Social commentary delivered with a bang

“Deus Ex” is available on PC, Xbox 360 and Playstation 3.

“Deus Ex” is available on PC, Xbox 360 and Playstation 3.

Tyler McGinty, Opinions Editor

I’m fascinated with transhumanism, I love stealth games, and any game that gives you multiple ways to overcome obstacles can easily win me over.

If you share any of those qualities, you’ll love “Deus Ex: Human Revolution.”

Set before the first game, “Deus Ex” puts you in the shoes of Adam Jensen, former SWAT member and now Security Manager for Sarif Industries.

Sarif Industries is responsible for researching technology that allows humans to augment themselves with various technologies.

The augmentations are really what make me love this game. I absolutely hate open-ended story games.

When I have the freedom to do absolutely anything, such as in games like “Oblivion,” I end up doing absolutely nothing. I explore side quests or I spend a lot of time just messing around.

However, I love games that give you different tools to accomplish the story. I’m fascinated with the idea of video games as a story-telling medium, and finding a way to make the player feel like they’re having fun, and making choices and telling a story is difficult.

I think “Deus Ex” does a great job of giving you options without sacrificing story. When the first mission begins, Jensen is asked by David Sarif, head of Sarif industries, how he wants to handle the anti-augmentation radicals who have taken over the plant.

I decided to handle it non-lethally and from a distance. It may have been easier to use a real gun instead of a tranquilizer rifle, but I figured a corporation that’s trying to advance humanity would try to respect life. Plus, non-lethal takedowns turned out to get you more experience points.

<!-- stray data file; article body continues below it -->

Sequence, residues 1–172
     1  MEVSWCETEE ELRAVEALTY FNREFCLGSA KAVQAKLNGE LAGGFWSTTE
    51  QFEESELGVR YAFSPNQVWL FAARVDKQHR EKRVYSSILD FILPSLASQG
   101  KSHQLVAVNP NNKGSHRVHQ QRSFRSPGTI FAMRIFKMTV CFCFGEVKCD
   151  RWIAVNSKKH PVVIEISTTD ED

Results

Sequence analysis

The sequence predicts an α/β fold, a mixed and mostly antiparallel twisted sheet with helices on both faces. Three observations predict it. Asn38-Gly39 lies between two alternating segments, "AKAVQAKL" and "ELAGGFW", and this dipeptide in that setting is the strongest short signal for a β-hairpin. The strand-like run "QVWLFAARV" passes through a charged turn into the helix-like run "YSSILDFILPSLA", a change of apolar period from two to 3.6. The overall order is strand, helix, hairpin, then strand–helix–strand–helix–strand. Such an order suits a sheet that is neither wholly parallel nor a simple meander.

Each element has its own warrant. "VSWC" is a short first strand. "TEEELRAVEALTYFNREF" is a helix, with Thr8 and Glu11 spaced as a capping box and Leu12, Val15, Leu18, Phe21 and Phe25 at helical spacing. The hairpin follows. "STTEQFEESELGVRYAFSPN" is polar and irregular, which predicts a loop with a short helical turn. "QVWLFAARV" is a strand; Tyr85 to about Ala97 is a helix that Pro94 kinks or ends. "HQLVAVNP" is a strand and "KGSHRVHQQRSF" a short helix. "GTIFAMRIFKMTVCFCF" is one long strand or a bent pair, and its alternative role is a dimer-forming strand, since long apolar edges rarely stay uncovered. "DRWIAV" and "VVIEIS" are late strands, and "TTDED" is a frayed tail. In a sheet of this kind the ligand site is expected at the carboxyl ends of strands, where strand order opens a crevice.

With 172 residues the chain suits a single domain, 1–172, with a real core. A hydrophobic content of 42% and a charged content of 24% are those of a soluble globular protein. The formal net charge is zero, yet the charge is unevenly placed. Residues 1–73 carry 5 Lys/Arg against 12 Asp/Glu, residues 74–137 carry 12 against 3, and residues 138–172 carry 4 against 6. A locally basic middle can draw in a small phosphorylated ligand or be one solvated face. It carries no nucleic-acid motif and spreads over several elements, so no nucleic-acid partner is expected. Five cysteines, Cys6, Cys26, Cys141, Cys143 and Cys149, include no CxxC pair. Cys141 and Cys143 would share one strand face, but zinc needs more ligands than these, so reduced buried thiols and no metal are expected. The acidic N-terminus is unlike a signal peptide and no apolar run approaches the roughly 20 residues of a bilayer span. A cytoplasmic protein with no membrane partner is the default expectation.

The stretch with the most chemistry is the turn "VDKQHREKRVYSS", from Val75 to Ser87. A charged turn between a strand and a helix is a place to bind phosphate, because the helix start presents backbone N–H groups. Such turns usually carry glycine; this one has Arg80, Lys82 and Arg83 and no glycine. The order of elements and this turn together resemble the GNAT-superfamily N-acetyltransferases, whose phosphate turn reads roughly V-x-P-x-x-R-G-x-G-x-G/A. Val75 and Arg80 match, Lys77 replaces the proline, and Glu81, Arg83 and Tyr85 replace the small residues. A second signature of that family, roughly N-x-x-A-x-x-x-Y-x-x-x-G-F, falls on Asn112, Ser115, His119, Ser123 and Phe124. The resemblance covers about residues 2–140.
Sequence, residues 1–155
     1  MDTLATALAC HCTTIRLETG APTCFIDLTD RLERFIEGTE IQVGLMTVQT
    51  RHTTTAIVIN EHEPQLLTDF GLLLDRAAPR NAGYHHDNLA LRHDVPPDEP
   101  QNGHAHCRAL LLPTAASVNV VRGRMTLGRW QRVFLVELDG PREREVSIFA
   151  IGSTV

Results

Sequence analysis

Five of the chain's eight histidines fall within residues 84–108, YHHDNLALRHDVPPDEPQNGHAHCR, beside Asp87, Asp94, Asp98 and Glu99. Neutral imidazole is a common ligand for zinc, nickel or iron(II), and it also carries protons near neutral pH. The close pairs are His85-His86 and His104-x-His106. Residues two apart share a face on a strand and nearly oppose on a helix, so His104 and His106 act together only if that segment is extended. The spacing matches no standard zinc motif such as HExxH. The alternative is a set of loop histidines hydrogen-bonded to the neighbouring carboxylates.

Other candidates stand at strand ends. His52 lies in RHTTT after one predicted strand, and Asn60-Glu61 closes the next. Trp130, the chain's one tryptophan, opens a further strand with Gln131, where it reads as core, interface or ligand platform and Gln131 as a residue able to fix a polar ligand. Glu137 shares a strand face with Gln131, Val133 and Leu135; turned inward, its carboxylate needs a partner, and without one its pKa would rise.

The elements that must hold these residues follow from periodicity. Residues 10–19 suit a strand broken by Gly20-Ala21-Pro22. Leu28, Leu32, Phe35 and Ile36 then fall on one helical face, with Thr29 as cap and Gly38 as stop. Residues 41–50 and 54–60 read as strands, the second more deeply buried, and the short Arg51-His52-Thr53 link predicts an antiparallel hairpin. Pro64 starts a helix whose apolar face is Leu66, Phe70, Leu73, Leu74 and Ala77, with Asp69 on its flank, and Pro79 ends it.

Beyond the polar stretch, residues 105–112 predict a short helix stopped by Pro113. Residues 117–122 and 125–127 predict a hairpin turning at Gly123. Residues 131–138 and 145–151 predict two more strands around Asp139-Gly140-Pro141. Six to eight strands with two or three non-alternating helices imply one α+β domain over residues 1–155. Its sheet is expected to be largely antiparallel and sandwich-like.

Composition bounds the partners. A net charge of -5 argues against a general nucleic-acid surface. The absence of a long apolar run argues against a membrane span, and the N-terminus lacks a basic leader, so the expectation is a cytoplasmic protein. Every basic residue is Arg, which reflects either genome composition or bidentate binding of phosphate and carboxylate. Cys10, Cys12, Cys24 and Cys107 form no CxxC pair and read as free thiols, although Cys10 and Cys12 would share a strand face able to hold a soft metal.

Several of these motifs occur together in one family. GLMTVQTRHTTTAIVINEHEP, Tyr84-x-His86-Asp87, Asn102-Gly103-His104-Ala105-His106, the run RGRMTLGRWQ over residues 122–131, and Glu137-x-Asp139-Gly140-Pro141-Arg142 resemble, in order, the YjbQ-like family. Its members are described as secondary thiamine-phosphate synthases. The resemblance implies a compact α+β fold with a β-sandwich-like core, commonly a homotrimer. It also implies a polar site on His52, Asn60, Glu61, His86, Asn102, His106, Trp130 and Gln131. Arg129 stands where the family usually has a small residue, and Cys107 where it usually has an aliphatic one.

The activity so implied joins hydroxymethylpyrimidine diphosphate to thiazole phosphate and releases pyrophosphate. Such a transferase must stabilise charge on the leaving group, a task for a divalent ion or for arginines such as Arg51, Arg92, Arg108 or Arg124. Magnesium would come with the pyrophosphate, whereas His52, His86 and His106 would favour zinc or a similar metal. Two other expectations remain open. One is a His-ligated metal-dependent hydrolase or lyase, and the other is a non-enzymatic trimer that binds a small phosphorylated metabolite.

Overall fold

You’ll be expected to do all kinds of things in your missions for Sarif Industries. You’ll have to hack into computers, sneak around guards, try to convince people to do certain things, and occasionally kill people in the name of transhumanism, or in the name of your corporation.

Of course, there are augmentations that will help you do all of these things, and as you level up, you get to pick more and more augmentations that help you.

You can choose to specialize in certain things, or try to do a little bit of everything.

It seems like you level up slowly, so you should really think about which augmentations you pick.

I really love the game mechanic that lets you take cover, although sometimes the controls get a little hard to get used to.

Every once in a while, instead of moving under cover, I would pop up to take aim, when I really wanted to move to a better position.

One of my favorite little details I noticed was that the game has two auto-saves, which is wonderful when you make a huge mistake right before the game auto-saves.

The game does have its problems though. I had a lot of trouble when I was given a very limited amount of ammunition for the tranquilizer rifle, and found almost no extra ammo.

I think I found one pack in the whole first mission, but I found plenty of ammo for weapons I did not have.

The game also had somewhat long loading times, and in a normal game they wouldn’t have been an issue at all.

However, the game lends itself to trying out different ideas, and you may play a certain area many, many times as you try to find the right solution.

When you have to load the same save over and over, the longer load time gets to be a pain.

“Deus Ex” is still a great game. You can play it as stealthy as “Metal Gear,” or as gung-ho as “Call of Duty,” with a great story that paints a terrifying picture of our possible future.

If you have any interest in transhumanism, or just sneaking around and shooting terrorists from the shadows, “Deus Ex” is a game for you.